If my daughter suddenly came up to me one day, claiming to be the reincarnation of Cleopatra, I would assume that she had been watching a bit too much television, and sit down to have a talk about reality vs. fantasy. After all, every parent knows that sometimes, children’s imaginations can get a bit carried away, and that it would be unhealthy to encourage such delusions. Right???
Well, maybe not quite every parent, and a new reality television show aims to capitalize on that fact.
In the tradition of shows like Toddlers and Tiaras, Ghost Inside my Child, a new show by producers Joke Fincioen (not taking this one, too easy), and Biagio Messina, will rely on parents who place potential profit over the mental well-being of their children, in order to fill their casting calls.
A Los Angeles production company is currently holding a nationwide casting call for children who claim to have, or have had, past life memories for a new reality series, “Ghost Inside My Child,” scheduled to air on the Bio Channel later this year.
What’s even more disturbing is that not only will the show be encouraging these fantasies in children, it will attempt to pull the family members of those deceased folks who they claim them to be reincarnated from into the delusion along with them.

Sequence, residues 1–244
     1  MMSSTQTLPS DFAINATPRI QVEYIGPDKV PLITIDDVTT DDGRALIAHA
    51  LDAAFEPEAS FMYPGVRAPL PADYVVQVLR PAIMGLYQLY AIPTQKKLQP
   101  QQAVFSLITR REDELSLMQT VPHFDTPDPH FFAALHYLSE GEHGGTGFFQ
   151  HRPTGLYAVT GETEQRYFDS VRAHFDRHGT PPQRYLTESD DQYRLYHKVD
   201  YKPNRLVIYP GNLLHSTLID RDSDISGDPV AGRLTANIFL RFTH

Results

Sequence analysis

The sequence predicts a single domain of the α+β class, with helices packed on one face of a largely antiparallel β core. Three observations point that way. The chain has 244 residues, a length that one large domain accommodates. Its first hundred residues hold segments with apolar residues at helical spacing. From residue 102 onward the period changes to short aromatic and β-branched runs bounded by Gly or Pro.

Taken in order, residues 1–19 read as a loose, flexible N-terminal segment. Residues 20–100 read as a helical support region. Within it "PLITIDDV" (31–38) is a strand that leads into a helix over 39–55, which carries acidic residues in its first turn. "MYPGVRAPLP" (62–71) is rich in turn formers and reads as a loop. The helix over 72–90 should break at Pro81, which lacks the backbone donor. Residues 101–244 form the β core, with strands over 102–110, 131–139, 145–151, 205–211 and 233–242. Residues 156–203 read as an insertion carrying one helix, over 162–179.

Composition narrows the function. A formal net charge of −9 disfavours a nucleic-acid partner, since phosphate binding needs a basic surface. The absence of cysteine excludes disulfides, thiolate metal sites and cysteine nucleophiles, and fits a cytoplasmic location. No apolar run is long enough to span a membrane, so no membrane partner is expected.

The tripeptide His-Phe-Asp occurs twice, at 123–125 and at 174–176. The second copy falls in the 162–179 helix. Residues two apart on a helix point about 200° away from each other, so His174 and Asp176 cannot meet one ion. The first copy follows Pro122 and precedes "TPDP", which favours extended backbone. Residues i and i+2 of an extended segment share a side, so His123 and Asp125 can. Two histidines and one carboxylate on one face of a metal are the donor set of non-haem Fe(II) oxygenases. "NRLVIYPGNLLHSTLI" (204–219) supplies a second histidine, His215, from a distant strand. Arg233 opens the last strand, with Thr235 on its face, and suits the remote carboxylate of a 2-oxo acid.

As part of the show, Fincioen and Messina arranged a meeting between Leininger [one of the children featured in the pilot episode], and a member of Huston’s [the man who the show claims Leininger to be a reincarnation of], family, a woman now in her 90s.
The woman felt a connection with this young kid and, now, they hope to do similar bits of “closure” with the new crop of past life preteens…
Fortunately, some prominent members of the skeptical community are already speaking up about the dubious premise of the show, as well as its potential harmfulness. D.J. Grothe, president of the James Randi Educational Foundation, voiced some of these concerns to the Huffington Post.
“Unfortunately, people use anecdote and stories as proof of these supernatural claims, and this is not dissimilar to ghost stories, or accounts of supposedly accurate psychic readings people will tell,” he told HuffPost by email.
He also has problems with the idea of going to family members of deceased people and telling them that a kid just might be a dearly departed loved one.
“The people who lost a loved one have to re-experience the loss, are told outlandish claims about their loved one being alive again and stuck in the body of a child somewhere,” he said. “I think this is a crassest manipulation of belief and of the fear of death merely for the sake of reality TV ratings.”
As for my two cents, the producers of this show, as well as any parents who would encourage their child to maintain fantasy as reality by submitting them for casting, are placing that child’s future development and mental health at risk, for profit. In my view, this makes them some of the worst kinds of charlatans, and if there were an afterlife, I like to think that there would be a special place of unpleasantness reserved just for them.